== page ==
My own saying, I don’t know if I invented this—perhaps I did—which I tell students is that “nothing is easier than finding what you are looking for.” In other words, that’s my plea to be open-minded. When you go to an archive, you have certain presuppositions but it’s very easy to find what you’re looking for and to ignore those things which don’t fit your assumptions, and you can’t do that. You have to, as they say, be open-minded enough to be willing to change your mind when you encounter countervailing evidence. Those things were on my mind because as it happens, I used to teach seminars, etc. I would start off the first session with a list of these quotations about history and ask students to discuss them and what they tell us about what we’re going to be doing that semester.

Read the entire interview here.

My Interview With History News Network

RevisedI talk with Erik Moshe about American history, Christianity, historical thinking and, of course, the POTUS.

Here is a small taste:

If you could give court evangelicals an extensive history lesson, what would you teach them?

I would teach them about change over time. No matter what the founding fathers believed about the relationship between Christianity and the American founding, we no longer live in a Christian nation. This means that evangelicals need to work harder at thinking about pluralism. It all comes down to how we live together with our deepest differences. The longstanding “culture wars” remind us that evangelicals and nonevangelicals are really bad at this. I have argued elsewhere that the study of history might help us on this front.

Read the entire interview here.

Blight: Historians Should Petition Trump to Take an “Educational Sabbatical” So He Can Learn More U.S. History


History News Network has published a David Blight piece which original appeared at the website of the National Underground Railroad Freedom Center.  Of all the things Trump has done, Blight is most worried about his “essential ignorance” of American history.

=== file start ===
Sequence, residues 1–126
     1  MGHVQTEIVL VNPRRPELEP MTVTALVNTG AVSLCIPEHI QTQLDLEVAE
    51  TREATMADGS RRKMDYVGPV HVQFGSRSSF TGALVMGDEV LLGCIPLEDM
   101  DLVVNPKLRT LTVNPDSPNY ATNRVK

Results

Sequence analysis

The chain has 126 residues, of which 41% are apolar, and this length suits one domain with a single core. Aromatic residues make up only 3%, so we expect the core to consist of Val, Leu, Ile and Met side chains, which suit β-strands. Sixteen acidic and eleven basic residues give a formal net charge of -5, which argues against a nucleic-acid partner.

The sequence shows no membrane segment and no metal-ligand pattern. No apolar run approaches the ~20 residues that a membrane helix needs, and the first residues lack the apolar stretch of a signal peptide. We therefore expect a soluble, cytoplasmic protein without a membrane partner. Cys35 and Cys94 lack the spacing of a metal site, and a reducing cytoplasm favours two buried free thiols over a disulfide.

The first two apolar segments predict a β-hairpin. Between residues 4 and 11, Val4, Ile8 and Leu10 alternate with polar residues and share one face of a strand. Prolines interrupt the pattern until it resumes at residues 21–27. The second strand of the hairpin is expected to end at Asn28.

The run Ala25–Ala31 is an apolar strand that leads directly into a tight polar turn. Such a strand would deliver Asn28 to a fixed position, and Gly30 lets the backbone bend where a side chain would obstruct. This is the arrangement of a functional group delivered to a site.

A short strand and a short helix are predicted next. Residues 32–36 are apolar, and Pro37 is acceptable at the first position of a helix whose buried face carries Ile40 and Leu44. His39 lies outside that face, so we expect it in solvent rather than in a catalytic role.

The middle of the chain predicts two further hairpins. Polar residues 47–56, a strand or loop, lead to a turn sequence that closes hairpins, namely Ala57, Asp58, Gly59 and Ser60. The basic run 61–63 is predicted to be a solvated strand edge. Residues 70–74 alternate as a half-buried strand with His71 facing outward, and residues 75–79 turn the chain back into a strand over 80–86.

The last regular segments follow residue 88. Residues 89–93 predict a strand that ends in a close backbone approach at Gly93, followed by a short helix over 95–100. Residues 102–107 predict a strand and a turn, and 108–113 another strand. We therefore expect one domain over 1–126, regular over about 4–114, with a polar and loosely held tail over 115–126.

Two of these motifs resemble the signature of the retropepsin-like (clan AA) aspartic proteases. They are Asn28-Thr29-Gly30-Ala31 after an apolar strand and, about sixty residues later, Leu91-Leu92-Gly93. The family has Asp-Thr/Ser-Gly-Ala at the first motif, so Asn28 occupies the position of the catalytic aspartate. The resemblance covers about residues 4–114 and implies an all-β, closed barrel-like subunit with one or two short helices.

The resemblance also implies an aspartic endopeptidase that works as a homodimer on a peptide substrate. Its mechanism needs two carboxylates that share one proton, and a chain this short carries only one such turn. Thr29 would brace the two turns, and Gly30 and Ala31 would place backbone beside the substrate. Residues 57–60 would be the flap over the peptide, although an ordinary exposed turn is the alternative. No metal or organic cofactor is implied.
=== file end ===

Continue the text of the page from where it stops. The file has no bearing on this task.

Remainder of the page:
Here is a taste of his piece, originally titled “Trump and History: Ignorance and Denial“:

Trump’s “learning” of American history must have stopped a long time ago. I wish I could say this is funny and not deeply disturbing. Perhaps his grasp of American history rather reflects his essential personality, which seems to be some combination of utter self-absorption, a lack of empathy, and a need to believe in or rely upon hyper individualism. President Trump does seem to possess an instinct for the feelings, fears, resentments, and base level aspirations of many Americans who are displeased at best with the country and the kind of society that has developed over the past decades, especially since the civil rights and women’s rights revolutions. He further has an instinct for how and why so many white Americans were uncomfortable or downright furious that a black man could be elected President. The “birther” effort that he led stoked a kind of 21st century racism that appeals to a vast audience of suburban and rural America that takes its information and its values from Fox News and its many media allies. And we must give him credit for capturing the political sentiments of the displaced and the neglected in our globalized economy and in our identity-obsessed culture. They do need a voice. To pull that off as a celebrity billionaire may say more about the culture and social values we have all participated in forging more than it says about him.